FORT LAUDERDALE, Fla. -- The half-gram bottle of bath salts promises an "invigorating" and "energizing" experience.
But to local and federal authorities, it's another dangerous product misused as fake cocaine that's sending youths to emergency rooms and mental hospitals in Florida and across the country.
As federal officials prepare to ban synthetic marijuana, specialty shops and convenience stores across Florida have started stocking up on bottles of bath salts. Louisiana and Florida authorities have linked these bath salts to at least two suicides in Louisiana, 21 calls to Florida poison control centers and dozens of hospital visits in Central and South Florida in the past year.
"We're seeing teenagers experiment with this," said Dr. Nabil El Sanadi, chief of emergency medicine for Broward Health. "They will do stuff that they wouldn't normally do, like dive from a third-story window into a pool. It's very, very dangerous."
These products being sold as bath salts are not those commonly to be used in baths, authorities say. Some manufacturers are making designer drugs being sold as bath salts, said Wendy Stephan, health educator with the Florida Poison Information Center in Miami.
Users usually snort the powder and experience effects similar to cocaine and crystal meth, El Sanadi said. But the euphoria often leads to paranoia, chest pains and irregular heartbeats.
Those cases have popped up at Broward General Medical Center and other Broward Health hospitals, El Sanadi said.
"They come in confused, disoriented, with high blood pressure," said El Sanadi, who first noticed the trend in spring 2010. "I guarantee you most parents don't even suspect their kids might be doing it."
A half-gram bottle sells for $25-$30.
The bath salts are found in many of the shops and gas stations that once sold legal weed, according to the U.S. Department of Justice, which has reported an alarming increase in abuse of the bath salts.
The Department of Justice says "numerous brands are marketed in all 50 U.S. states and via Internet websites. Common brand names include Blue Silk, Charge Plus, Ivory Snow, Ivory Wave ... and White Lightening."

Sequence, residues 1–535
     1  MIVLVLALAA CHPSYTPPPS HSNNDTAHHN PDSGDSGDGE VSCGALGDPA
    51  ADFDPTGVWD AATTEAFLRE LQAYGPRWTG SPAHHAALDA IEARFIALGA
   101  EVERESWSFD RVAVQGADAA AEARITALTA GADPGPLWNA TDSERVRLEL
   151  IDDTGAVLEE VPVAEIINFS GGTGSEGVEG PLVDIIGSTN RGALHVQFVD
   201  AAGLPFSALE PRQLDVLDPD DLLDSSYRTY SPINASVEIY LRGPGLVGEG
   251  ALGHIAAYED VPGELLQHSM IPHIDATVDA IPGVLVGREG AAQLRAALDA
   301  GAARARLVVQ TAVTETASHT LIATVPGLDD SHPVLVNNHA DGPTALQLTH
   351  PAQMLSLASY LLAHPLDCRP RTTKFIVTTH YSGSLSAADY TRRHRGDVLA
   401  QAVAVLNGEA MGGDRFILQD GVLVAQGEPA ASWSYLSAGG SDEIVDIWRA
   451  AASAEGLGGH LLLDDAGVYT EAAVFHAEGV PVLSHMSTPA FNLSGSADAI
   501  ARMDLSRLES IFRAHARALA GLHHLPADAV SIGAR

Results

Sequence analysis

In December, the DEA listed a chemical, methylenedioxypyrovalerone (MDPV), found in some of the bath salts as a drug of concern. MPDV stimulates the central nervous system and the federal agency is studying the drug. The chemical reportedly has caused intense panic attacks, psychosis and addiction, according to the DEA, which has no current plans to ban it.
The psychotic effects of some of these products are what make them so dangerous, said Dr. Cynthia Lewis-Younger, director of the Florida Poison Information Center in Tampa.
"It makes people lose touch with reality," she said. "They're ending up in psychiatric institutions."
These reactions may be linked to MPDV, the chemical which has been found in many of the salts, federal officials said. The chemical is not approved for medical use in the United States, and the United Kingdom banned it in April after linking it to several deaths.
A DEA ban is in the works for synthetic marijuana chemicals found in incense blends, which made headlines in 2010 as thousands of smokers of brands such as K2 and Spice were hospitalized across the country. Federal officials announced plans in November to outlaw the drug, and local authorities say retailers may be looking at fake cocaine as a new way to make money.
"This is all about money," Lantana Police Officer Nelson Berrios said. "The makers know what it is and they're trying to skirt the law by selling it as something else." Some of the products are labeled not for human consumption.
In Palm Beach County, a handful of stores have started selling the products, Berrios said, but abuse does not seem widespread.
Owners and employees of several stores that sell the bath salts declined to comment or wouldn't give their names.
Across the country, poison control centers got more than 232 calls about bath salts abuse in 2010, according to the American Association of Poison Control Centers.
Skyrocketing overdoses of some products labeled bath salts in Louisiana led Gov. Bobby Jindal to enact an emergency ban of MPDV and other chemicals found in some products on Jan. 6. More than half of the country's cases have been reported there, and law enforcement has connected at least two suicides to the bath salts.
Investigators are uncertain where the powder is made, but some think it comes from Asia and is packaged in the United States.
Kentucky already has filed legislation to ban the substance; the North Dakota's Pharmacy Board has added several of those same chemicals to its banned-substance list.
Kristin Weiser, 43, said she paid $25 for a half-gram bottle of a bath salt product at a Fort Lauderdale gas station in November. She was looking for an energy boost, she said, and it kept her awake for days. The effect was so strong that it scared her and she has left the rest of the bottle untouched.
"It's very dangerous. It needs to go off the market," she said. "I haven't touched it. I just won't."
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